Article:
Listen, I understand the whole logical sense behind giving up this new technology.  We're getting way too distracted by our iPods, Game Boys, Wiis, laptops, Blackberries, and other stuff.  This distraction is pulling us away from important stuff like doing homework (and I confess that I'm doing my blog JUST to delay me from doing homework).  But come on, you can't urge us to stop texting.  Many people use texting as another form of communication that is less distracting and time-consuming like a phone call.  Let's just use me for an example.  My semester is very busy from classes, work, and clinicals.  I really don't have enough time to make a phone call to someone and talk to them.  Heck, sometimes I can't even hold a whole conversation without an awkward "so-anyways" pause.  That is why I use texting.  I can communicate with my buddies who I normally don't see every week thanks to my busy schedule.  What's even better is the whole fact that I can communicate with multiple friends at once through texting.  So there is no way I can give up texting for Lent.  If I gave up texting, then my connections with friends will die (for 40 days).  My social life is doomed (sadly enough).

So there has to be another thing I should give up.

Here's a list of things that has been lurking in my mind:
Driving to Lowell
Taking a Shower
Breakfast
Sleep
Exercise
Taking exams
Writing Essays
Going to classes
Blogging for UML

... okay Elaine.  I was just kidding about the last one (ha ha ha).

- Christian

2009 Poem

|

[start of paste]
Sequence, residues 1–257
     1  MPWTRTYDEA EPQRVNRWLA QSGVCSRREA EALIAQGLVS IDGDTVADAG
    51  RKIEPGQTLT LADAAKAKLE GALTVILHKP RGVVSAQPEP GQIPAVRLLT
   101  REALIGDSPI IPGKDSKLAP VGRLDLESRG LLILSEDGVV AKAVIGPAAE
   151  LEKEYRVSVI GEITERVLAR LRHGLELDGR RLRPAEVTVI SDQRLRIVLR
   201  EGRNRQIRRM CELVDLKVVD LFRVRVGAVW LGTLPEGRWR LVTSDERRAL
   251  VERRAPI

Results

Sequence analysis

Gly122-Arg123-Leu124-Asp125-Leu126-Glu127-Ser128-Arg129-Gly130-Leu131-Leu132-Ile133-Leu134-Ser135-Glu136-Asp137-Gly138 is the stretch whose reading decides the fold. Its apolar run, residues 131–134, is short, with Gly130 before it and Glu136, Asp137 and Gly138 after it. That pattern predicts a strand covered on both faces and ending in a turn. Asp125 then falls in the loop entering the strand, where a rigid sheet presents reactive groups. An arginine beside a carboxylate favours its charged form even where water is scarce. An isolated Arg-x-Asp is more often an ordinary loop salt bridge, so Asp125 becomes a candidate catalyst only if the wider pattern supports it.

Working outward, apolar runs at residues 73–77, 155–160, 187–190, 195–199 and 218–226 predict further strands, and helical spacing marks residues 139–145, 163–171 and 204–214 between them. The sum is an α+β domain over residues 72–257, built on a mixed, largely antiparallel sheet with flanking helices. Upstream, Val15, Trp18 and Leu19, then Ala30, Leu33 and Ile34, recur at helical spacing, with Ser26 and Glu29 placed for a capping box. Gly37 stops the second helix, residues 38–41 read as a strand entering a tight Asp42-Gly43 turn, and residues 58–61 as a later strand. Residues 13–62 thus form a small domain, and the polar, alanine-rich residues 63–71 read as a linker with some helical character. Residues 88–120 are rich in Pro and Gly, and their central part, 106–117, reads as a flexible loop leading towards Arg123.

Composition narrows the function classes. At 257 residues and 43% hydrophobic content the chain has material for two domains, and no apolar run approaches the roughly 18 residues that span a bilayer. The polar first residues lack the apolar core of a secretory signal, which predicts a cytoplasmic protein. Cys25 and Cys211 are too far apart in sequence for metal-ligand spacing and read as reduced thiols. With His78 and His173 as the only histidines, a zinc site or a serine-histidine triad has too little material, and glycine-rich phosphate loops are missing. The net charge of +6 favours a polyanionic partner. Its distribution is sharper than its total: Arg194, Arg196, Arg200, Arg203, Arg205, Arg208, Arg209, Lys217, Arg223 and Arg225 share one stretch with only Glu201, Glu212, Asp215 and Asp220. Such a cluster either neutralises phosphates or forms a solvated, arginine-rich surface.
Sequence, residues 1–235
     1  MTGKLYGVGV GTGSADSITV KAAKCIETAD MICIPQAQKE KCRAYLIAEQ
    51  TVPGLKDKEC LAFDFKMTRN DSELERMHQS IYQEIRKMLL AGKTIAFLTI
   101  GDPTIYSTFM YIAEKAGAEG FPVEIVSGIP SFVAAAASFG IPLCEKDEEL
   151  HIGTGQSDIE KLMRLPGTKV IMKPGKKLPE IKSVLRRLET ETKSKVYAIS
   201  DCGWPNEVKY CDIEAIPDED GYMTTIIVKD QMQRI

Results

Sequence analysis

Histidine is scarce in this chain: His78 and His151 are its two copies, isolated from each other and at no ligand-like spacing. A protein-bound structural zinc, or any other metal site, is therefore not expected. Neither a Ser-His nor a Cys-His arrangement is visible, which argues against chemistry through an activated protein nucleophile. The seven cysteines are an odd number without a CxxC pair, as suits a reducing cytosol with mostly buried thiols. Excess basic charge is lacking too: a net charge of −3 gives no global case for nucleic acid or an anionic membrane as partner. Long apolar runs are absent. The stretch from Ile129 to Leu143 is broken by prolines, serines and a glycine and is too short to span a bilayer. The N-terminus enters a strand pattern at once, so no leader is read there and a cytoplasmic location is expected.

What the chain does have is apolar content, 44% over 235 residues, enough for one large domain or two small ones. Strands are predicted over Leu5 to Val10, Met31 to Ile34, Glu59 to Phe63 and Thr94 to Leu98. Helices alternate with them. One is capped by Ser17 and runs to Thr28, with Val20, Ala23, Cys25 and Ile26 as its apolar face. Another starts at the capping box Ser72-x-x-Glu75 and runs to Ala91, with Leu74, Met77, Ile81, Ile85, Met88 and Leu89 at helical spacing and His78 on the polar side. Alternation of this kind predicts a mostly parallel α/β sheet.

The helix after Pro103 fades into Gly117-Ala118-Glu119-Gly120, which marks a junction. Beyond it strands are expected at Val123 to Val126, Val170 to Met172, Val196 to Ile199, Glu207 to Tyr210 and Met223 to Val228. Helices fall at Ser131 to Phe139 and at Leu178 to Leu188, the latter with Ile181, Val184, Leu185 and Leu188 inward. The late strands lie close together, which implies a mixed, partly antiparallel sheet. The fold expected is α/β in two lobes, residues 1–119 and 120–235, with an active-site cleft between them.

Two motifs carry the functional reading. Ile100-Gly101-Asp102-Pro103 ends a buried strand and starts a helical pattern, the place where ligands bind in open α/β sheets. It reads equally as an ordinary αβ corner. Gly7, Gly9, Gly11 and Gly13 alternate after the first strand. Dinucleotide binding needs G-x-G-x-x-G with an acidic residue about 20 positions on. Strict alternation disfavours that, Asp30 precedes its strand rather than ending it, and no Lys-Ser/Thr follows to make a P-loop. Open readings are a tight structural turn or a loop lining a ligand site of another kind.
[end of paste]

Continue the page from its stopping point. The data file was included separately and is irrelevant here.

It's finally a new year
And I'm ready to start over again with
A new, clean piece of lined paper.
I'm holding a "clicky" pen
That contains 4 colors
black
blue
red
and green;
I'm not a monochromatic individual,
you know?
I like to add color to my story,
so that means I'm not
that boring person who makes
everything restricted and boring.

You know what?

Let's bring in
the watercolors,
pastels,
colored pencils,
and even the crayons.
Let's make this story creative,
adventurous,
and worthwhile -
let's add all the mediums
into this work.

Remember, this is the
whitest piece of paper -
no dirt,
no smudges,
no flaws, nothing.

It's clean.
It's mine
and I have the ability
to create a picture
so unique
that no one will ever
recreate it. 

That is what
the new year is to me -
a work of art. 
A piece that is
so elaborate,
yet abstract -
a piece that contains
a deep meaning,
yet is so simple -
a piece that is
established through
a single first person
perspective, yet
can be viewed
through the eyes of
everyone.
It's my work of art
and I'm going to
share it with you.

Here's to 2008 2009.


- Christian J. Tiongson




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I still promise to continue my Winter Fun blogs - just a little break from formalized casual writing (if that makes sense).  Plus, I was in a poem making kind of mood.  Happy New Year! - CT